This week the Pentagon took the highly unusual step of withdrawing a report issued by its inspector general one week before President George W. Bush left office last January.  The report was an attack on the superb New York Times stories, written by David Barstow, the first about how the Pentagon had recruited an army of seventy-five retired military-officer talking heads to appear as “objective experts” on ABC, CBS, NBC, CNN, Fox, and MSNBC—men who actually worked with “more than 150 military contractors either as lobbyists, senior executives, board members or consultants.” Barstow’s second story, published six months after the first one, focused on “One Man’s Military-Industrial-Media Complex”—owned and operated by retired General Barry McCaffrey.

The Pentagon’s original report (as described in The Washington Post last January) said its investigation concluded that the program—which gave briefings to retired military officers who served as news commentators on the wars in Iraq and Afghanistan—did not violate internal policies or regulations, nor did those analysts use their access to benefit their business interests.

But this week Donald M. Horstman, the Pentagon’s deputy inspector general for policy and oversight, announced,

We are withdrawing the subject report. Shortly after publishing the report on January 14, 2009, we became aware of inaccuracies in the data concerning retired military analyst (RMA) relationships with Defense contractors that appeared in Appendix K and elsewhere in the report. The discovery of those inaccuracies caused us to conduct an independent internal review of the report and its supporting documentation. The internal review concluded that the report did not meet accepted quality standards for an Inspector General work product.

This was sweet vindication for Barstow—not to mention for the Pulitzer Prize jury, which honored Barstow’s work with one of  journalism’s most prestigious prizes last month.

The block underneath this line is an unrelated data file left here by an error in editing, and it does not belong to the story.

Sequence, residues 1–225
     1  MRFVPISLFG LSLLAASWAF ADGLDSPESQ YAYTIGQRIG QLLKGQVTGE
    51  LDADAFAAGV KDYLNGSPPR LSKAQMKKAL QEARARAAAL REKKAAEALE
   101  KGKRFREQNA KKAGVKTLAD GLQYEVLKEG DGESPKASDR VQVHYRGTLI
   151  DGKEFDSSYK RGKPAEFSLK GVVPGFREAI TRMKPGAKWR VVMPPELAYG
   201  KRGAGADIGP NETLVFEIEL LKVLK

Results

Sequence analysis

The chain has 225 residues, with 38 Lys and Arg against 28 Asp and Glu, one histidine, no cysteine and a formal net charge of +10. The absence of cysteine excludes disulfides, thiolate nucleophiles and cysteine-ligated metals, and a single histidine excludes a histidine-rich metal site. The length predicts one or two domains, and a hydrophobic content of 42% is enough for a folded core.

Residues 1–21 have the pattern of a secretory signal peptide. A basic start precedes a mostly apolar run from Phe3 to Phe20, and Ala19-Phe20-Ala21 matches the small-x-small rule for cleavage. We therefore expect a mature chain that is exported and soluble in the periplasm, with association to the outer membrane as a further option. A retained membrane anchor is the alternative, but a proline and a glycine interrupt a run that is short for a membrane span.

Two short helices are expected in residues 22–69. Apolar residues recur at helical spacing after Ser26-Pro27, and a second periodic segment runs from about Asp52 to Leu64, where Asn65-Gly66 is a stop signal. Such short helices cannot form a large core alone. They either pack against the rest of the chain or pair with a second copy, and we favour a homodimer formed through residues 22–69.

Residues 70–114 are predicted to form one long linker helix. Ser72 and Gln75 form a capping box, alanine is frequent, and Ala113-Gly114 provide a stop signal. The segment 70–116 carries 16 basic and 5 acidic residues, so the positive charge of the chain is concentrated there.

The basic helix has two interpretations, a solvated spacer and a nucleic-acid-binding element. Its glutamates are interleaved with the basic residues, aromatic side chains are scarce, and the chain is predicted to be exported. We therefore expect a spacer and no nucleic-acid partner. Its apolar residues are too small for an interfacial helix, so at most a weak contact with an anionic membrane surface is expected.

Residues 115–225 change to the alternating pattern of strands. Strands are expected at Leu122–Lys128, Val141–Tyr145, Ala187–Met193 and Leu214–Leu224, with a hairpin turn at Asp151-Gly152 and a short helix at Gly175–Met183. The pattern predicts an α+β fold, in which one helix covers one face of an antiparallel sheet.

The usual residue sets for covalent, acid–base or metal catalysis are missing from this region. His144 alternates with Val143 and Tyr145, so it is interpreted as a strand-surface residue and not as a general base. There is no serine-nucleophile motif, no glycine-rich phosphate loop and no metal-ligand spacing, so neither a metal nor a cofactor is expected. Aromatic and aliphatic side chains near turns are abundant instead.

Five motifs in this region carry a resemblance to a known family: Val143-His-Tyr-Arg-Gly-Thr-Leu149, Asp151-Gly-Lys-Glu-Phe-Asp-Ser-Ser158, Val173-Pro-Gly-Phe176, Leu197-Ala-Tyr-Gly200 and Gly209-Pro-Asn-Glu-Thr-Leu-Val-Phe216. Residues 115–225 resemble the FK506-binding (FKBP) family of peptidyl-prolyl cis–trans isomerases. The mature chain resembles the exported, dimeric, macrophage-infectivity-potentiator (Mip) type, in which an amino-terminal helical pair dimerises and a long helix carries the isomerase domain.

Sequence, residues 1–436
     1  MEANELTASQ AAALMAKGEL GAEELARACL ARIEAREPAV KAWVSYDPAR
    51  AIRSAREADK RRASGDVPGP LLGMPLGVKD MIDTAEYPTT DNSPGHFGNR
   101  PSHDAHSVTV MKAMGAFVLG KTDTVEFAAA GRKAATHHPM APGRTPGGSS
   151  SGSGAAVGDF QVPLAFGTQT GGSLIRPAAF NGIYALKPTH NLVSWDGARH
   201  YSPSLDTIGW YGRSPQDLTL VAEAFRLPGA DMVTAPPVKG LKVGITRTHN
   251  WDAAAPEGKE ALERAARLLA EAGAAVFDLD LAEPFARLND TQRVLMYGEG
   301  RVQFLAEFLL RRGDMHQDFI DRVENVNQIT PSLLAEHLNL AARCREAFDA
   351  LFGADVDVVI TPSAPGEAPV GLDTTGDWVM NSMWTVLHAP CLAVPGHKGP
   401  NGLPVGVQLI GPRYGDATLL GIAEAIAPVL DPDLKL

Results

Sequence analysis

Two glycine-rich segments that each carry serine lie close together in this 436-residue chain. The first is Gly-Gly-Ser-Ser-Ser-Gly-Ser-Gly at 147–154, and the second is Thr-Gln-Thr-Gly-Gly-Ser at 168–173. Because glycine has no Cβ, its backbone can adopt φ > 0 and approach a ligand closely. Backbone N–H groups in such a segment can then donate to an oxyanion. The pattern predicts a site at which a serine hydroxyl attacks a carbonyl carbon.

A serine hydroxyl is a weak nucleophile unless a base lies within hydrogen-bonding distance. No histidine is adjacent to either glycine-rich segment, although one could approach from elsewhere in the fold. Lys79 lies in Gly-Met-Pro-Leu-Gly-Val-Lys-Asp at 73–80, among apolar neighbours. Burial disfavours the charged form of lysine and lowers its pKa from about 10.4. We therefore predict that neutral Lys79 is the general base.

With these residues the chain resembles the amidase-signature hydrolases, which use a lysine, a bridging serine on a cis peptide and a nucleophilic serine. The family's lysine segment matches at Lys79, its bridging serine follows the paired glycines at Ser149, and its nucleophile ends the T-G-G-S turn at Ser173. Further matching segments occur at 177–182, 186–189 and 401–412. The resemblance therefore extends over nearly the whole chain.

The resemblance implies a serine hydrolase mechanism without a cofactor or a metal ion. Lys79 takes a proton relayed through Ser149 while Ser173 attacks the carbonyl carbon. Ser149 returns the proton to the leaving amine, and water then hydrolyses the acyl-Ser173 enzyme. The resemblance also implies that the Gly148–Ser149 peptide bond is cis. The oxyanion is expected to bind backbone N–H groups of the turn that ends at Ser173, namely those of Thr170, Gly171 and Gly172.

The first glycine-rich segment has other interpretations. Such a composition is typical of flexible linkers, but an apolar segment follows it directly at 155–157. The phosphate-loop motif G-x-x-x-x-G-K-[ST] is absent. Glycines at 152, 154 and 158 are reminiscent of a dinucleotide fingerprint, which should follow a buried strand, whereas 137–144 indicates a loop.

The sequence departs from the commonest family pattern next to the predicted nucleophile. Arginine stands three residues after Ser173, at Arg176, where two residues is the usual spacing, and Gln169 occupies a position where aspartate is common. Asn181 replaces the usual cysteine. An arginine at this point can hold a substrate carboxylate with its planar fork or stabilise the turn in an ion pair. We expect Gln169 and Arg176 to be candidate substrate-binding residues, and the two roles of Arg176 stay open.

You might think that an extremely rare action by the Pentagon, and one that vindicated a newly-awarded Pulitzer, would be the kind of thing other newspapers would rush to report. But as far as FCP can tell, the only paper that has run a story so far about this in its print edition is The New York Times.

The Washington Post did mention the Pentagon’s action on its Web site, but according to Media Matters, even though the Post printed a story about the Pentagon’s report in January, it hasn’t bothered to mention that the same Pentagon has now repudiated that report in the printed paper.  (Previously, Media Matters had reported that the army of analysts identified by Barstow had made an astonishing 4,500 “appearances and quotations” on ABC, ABC News Now, CBS, CBS Radio Network, NBC, MSNBC, CNBC, CNN, CNN Headline News, Fox News, and NPR.)

As FCP noted last month, all of the television networks continued their total silence about this whole controversy, even after Barstow won his Pulitzer. NBC in particular is so sensitive about the charges against its consultant, General McCaffrey, that its president, Steve Capus, told the Society of Professional Journalists that the network would no longer provide anyone for any SPJ function, because the Society had issued a statement supporting Barstow’s stories.

Capus and an NBC spokeswoman did not respond to e-mails yesterday asking whether the network was still boycotting all SPJ events.  However, SPJ president Dave Aeikens told FCP earlier today that NBC special correspondent Tom Brokaw will be appearing soon at an SPJ awards ceremony in Minnesota. After Capus had told him he was severing all ties with SPJ, Aeikens said, he had offered Capus a chance to air NBC’s point of view on the SPJ Web site. Capus, Aeikens said, never responded to that offer.

The unbroken on-air silence of NBC on this matter (Brian Williams once mentioned it in passing on his blog) finally ended this week when the estimable Rachel Maddow of MSNBC invited New York Times columnist Frank Rich to discuss the controversy. It was the first time such a discussion occurred on any NBC network.

As usual, the blogosphere has also done a thorough job of reporting the Pentagon’s repudiation of its own report. The rest of the mainstream media, however, seems content to ignore it.

Update: SPJ spokesman Scott Leadingham points out via e-mail that there are no hard feelings among SPJ jurors toward NBC News. Besides honoring David Barstow with a Sigma Delta Chi Award this year for his Pentagon stories, the Society also gave one to NBC Nightly News for breaking news from Afghanistan. Two of the riveting stories that were honored are here.

NBC spokesperson Allison Gollust acknowledged receipt of FCP’s inquiry about the network’s current attitude toward SPJ, but did not respond to it.

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Charles Kaiser is the author of The Gay Metropolis and 1968 in America. He has been media editor for Newsweek, a member of the metro staff of The New York Times, and a reporter for The Wall Street Journal, where he covered the press and book publishing. To learn more, visit charleskaiser.com.